The choice of components depends on your circumstances, your personal taste, and the amount you are willing to invest. The most convenient choice is of course a card that combines TV-tuner, MPEG-encoder, MPEG-decoder, TV-out and perhaps an infrared receiver with remote control.
If you value devices that have successfully stood their ground in the market, the combination of TV-tuner with MPEG-encoder from Hauppauge, Dazzle, Pinnacle or Vidac, and MPEG-decoder card with TV-out from Sigma Designs is recommended. The benefit of these cards is that these products run smoothly on nearly every computer and the installation costs of the system stay in a reasonable frame.
The MPEG-encoder card is the most expensive component. If you have a fast enough PC, a software encoder may get more bang for your buck. The products mentioned above cost about $250, but do not expect professional quality, because these devices are mainstream products. High end MPEG-encoders, regardless of hardware or software, could cost over $1000. With the noise quality of some analog TV signals from cable or antenna, the products mentioned are a very good alternative.
The combination of TV-tuner card with software MPEG-encoder/decoder and graphics card with TV-out is not recommended. Even using computers with superior performance, the recording quality remains behind that of the other solutions.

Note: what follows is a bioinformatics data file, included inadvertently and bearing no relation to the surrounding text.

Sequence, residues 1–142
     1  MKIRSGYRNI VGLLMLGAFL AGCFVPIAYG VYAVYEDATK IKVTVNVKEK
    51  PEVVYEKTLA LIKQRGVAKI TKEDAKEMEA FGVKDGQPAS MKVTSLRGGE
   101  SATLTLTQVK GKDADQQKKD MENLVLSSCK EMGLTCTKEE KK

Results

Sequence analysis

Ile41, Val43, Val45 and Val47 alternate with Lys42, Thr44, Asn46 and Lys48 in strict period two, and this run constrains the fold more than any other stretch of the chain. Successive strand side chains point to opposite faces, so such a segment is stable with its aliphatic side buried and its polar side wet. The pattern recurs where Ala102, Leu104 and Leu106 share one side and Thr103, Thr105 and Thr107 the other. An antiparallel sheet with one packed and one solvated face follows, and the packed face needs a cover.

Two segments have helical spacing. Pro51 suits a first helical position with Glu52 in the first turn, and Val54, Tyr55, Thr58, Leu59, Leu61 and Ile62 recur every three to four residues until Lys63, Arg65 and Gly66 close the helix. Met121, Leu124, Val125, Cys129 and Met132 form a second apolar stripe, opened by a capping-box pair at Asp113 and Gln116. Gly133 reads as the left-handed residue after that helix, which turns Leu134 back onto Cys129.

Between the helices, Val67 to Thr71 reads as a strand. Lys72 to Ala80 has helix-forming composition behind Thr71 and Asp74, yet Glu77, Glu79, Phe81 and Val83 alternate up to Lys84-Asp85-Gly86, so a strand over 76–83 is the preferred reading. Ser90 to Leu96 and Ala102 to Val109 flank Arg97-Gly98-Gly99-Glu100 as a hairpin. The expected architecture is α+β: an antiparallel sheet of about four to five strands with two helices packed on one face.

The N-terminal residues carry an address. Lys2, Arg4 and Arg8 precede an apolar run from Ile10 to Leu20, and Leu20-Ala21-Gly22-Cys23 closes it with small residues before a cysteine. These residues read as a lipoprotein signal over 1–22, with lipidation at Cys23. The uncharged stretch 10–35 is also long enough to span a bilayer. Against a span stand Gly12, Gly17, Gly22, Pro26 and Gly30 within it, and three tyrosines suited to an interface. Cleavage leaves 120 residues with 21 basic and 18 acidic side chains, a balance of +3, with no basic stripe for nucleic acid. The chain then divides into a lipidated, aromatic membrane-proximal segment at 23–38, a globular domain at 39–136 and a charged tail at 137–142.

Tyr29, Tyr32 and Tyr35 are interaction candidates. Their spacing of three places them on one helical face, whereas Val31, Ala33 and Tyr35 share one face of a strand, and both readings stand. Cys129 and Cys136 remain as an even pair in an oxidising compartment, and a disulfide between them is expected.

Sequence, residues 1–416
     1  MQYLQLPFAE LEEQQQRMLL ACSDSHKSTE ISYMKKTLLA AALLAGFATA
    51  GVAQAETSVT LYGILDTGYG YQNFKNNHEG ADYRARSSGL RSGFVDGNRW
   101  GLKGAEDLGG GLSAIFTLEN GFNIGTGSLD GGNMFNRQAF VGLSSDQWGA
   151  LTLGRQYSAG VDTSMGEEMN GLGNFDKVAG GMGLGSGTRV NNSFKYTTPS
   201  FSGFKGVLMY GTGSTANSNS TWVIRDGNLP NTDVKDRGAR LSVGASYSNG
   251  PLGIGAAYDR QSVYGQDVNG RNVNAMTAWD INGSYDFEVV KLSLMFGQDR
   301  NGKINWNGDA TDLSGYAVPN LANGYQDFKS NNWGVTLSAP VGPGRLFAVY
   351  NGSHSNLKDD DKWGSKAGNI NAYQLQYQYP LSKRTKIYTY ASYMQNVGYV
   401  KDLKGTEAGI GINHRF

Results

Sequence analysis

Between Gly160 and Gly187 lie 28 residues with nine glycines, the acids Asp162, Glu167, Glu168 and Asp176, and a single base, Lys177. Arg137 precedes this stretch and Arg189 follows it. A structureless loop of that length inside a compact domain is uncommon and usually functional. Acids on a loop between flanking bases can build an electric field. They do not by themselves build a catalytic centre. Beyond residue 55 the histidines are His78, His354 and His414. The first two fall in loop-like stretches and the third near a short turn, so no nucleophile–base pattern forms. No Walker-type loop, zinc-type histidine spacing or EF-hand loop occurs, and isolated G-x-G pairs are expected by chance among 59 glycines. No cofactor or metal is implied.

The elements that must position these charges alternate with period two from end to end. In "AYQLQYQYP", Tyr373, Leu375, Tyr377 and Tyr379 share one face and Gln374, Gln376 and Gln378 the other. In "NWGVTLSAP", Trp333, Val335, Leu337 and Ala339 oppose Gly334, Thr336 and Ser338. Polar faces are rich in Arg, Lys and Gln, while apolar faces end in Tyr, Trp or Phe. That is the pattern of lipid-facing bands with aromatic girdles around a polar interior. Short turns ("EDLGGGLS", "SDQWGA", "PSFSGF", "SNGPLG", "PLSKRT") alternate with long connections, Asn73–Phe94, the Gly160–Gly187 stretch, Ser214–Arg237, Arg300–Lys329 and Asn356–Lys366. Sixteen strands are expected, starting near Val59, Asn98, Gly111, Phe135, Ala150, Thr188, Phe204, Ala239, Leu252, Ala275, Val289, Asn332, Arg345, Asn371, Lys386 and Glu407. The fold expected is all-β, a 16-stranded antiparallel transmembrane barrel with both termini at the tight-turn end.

Next we will look at the combination of TV-tuner card with MPEG-encoder and MPEG-decoder card with TV-out, because it has some advantages. With their MPEG-decoder card Sigma Designs stands out as an established brand. They provide simultaneously two products, the Hollywood+ and the follow-up model, the XCard. For about $150 the quality is as good as the MPEG-encoders mentioned above and comparable to a high quality DVD player. This primarily concerns the TV output, since some graphics cards with TV-out do not have the same level of quality. Another advantage of the two cards in comparison to a software solution is that the remote control together with infrared-receiver for the computer are included. Of course there are applications (e.g. WinLIRC, GIRder or IRAssistant), which allow you to control your software with a commercial remote control through an infrared-receiver connected to the PC, but that may require additional meticulous work.